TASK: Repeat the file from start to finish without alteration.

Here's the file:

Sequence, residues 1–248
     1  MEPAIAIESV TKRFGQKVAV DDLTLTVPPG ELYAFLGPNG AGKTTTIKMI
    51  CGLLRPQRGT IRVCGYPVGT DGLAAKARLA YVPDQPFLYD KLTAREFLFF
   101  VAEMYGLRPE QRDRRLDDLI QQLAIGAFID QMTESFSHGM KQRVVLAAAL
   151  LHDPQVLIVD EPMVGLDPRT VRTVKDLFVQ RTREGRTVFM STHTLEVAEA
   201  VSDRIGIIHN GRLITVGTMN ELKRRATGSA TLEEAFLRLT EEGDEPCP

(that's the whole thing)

Sequence, residues 1–248
     1  MEPAIAIESV TKRFGQKVAV DDLTLTVPPG ELYAFLGPNG AGKTTTIKMI
    51  CGLLRPQRGT IRVCGYPVGT DGLAAKARLA YVPDQPFLYD KLTAREFLFF
   101  VAEMYGLRPE QRDRRLDDLI QQLAIGAFID QMTESFSHGM KQRVVLAAAL
   151  LHDPQVLIVD EPMVGLDPRT VRTVKDLFVQ RTREGRTVFM STHTLEVAEA
   201  VSDRIGIIHN GRLITVGTMN ELKRRATGSA TLEEAFLRLT EEGDEPCP